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BH-BL volleyball star Rzeszotarski itching to play

BH-BL volleyball star Rzeszotarski itching to play

Rising junior led Spartans to state title
BH-BL volleyball star Rzeszotarski itching to play
Burnt Hills' Carlie Rzeszotarski goes for a kill in the 2019 state title match against West Irondequoit.
Photographer: Erica Miller
Burnt Hills-Ballston Lake rising junior Carlie Rzeszotarski is different than most high school volleyball players in New York because of her size and ability to hit, serve and defend at such an elite level.
 
In another way, she's just like all the rest, on hold due to coronavirus mandates and itching for action.
 
"Every volleyball player in the state would give anything to be on a court with their friends and teammates, and playing the game they love," Burnt Hills-Ballston Lake girls' volleyball coach Gary Bynon said. "The kids want to play."
 
Rzeszotarski and others in the Lakeside Volleyball Club will finally get a chance to hit, pass and dig next week, though playing games is still a long way off. They'll work out in small groups with a focus on individual drills, and for now, that's enough for the much-decorated 6-foot-1 outside hitter who last fall led the Spartans to a state championship.
 
"That's going to be amazing to get back on the court. I'm looking forward to that," said Rzeszotarski, who first got involved in the sport as a third-grader. "I can't remember the last time I went so long without playing."
 
Rzeszotarski last played in early March in a tournament in Boston with her Lakeside teammates. She last played scholastically in late November, collecting 19 kills and 13 digs when Burnt Hills swept West Irondequoit for the state Class A crown and tied a team record with 31 wins.
 
Rzeszotarski was named the state tournament's most valuable player. Afterward, she was selected to the Class A all-state first team by the New York Volleyball Coaches Association and was tabbed New York's Player of the Year by PrepVolleyball.com.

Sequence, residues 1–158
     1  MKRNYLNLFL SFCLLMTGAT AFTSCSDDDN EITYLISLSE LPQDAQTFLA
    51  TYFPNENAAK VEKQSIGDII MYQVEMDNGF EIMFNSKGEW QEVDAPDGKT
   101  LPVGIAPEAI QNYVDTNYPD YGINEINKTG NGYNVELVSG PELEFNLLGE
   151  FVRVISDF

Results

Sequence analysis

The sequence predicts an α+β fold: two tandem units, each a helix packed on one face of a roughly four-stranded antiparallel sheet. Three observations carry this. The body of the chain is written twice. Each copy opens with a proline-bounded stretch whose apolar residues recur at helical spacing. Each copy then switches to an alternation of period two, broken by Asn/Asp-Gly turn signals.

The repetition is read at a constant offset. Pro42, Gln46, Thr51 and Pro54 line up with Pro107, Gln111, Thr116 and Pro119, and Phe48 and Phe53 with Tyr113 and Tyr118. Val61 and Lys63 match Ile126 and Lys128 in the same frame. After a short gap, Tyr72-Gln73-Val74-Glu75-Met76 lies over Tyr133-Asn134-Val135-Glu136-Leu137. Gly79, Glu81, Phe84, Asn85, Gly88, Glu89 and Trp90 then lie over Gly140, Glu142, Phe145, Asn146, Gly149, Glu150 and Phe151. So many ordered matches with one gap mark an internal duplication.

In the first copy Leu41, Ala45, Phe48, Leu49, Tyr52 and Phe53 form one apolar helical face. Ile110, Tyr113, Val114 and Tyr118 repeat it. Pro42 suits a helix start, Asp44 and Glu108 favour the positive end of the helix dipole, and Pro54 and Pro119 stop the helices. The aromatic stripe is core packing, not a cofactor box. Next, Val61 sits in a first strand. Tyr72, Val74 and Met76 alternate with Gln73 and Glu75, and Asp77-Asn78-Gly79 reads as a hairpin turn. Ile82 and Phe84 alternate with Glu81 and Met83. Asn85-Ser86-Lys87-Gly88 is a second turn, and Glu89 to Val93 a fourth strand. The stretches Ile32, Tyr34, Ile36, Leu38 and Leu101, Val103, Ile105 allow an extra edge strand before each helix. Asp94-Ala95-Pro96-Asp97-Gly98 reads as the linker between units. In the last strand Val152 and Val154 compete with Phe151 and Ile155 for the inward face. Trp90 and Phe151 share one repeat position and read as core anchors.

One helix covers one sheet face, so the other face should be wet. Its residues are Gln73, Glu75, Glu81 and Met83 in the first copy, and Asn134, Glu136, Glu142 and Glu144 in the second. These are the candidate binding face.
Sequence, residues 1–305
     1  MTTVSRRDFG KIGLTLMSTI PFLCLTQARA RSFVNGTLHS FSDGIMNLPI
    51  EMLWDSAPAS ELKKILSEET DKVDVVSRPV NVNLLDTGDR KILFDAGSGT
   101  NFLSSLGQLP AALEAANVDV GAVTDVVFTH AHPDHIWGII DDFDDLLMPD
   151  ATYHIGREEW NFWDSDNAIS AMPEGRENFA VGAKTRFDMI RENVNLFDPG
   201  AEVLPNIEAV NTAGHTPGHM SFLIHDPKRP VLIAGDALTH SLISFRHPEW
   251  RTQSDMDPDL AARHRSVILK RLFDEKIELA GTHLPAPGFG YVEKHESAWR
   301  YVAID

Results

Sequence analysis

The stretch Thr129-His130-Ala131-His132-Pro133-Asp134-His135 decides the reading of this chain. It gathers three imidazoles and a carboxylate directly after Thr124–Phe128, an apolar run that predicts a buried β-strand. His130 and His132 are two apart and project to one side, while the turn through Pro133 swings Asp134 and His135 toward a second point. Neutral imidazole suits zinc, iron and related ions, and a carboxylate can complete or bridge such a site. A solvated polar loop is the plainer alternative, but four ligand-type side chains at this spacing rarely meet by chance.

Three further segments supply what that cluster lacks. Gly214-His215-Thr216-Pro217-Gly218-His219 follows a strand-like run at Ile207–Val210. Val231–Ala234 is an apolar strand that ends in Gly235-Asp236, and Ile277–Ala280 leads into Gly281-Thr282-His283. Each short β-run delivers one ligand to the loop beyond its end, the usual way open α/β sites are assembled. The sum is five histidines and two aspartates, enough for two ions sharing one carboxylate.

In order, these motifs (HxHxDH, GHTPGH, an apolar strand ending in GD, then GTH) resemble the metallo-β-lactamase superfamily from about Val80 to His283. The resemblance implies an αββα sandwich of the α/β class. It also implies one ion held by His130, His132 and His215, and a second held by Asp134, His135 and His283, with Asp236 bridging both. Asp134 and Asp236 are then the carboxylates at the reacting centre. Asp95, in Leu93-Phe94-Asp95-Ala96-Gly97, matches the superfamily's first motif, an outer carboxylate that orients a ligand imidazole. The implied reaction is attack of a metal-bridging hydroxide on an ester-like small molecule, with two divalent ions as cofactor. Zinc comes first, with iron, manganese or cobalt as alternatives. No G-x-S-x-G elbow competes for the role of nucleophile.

"You can talk about the state [tournament] MVP and all of the accolades she has received, but Carlie legitimately cares about everyone on that team," Bynon said of the 16-year-old. "If the team is successful and she gets to celebrate with them, that's what she's all about."
 
Rzeszotarski is hoping to celebrate again with her Burnt Hills team in a fall season that is right now full of uncertainty. The Spartans celebrated often in the 2019 campaign which included league, Section II and regional titles before they snared the program's seventh New York flag.
 
"I'm keeping my fingers crossed that we have a normal season, or at least as normal as it can be," Rzeszotarski said. "I can't see how it would be canceled."
 
The New York State Public High School Athletic Association has been planning the best it can for a fall season while not knowing what lies ahead in the coronavirus environment. The NYSPHSAA's COVID-19 Task Force focused on many what-if scenarios and contingency plans at its virtual meeting Tuesday.
 
"I'm glad we're looking for a way," Bynon said. "A group of us volleyball coaches put together 12 or 13 guidelines we thought would help with that. Number one, we have kids' safety in mind. At the same time, we understand how beneficial it can be for the kids."
 
Rzeszotarski has gotten a lot out of the game, and she is all but certain to get even more in the form of a Division I college ride. She has been contacted by UAlbany and Siena locally, as well as by Duke, Dartmouth, Colgate, Army West Point, Dayton, Lehigh, DePaul, Kent State, Fairfield, Rider, Bryant, Rhode Island, Canisius and Holy Cross.
 
"When Duke calls you on the first day they can, it's not a bad thing," Bynon said.
 
June 15 was the date college coaches in most sports could start reaching out directly to recruits who will be entering their junior year in high school.
 
"Coach Bynon gave me a few names that would be calling, and a few reached out that I didn't expect, like West Point," Rzeszotarski said. "I had 16 calls that week. Coach Bynon said only a few other players got this much contact."
 
Bynon said Rzeszotarski has drawn the attention of so many colleges because of her academic standing (she averaged 97.4 as a sophomore), leadership traits, ability to do so many things well on the court and penchant for stepping up in the biggest matches.
 
"She enjoys that stage," Bynon said of the PrepVolleyball.com National Sophomore of the Year finalist. "When she hits that stage, she responds. That doesn't happen with everyone."
 
Reach Jim Schiltz at [email protected] or @jim_schiltz on Twitter.
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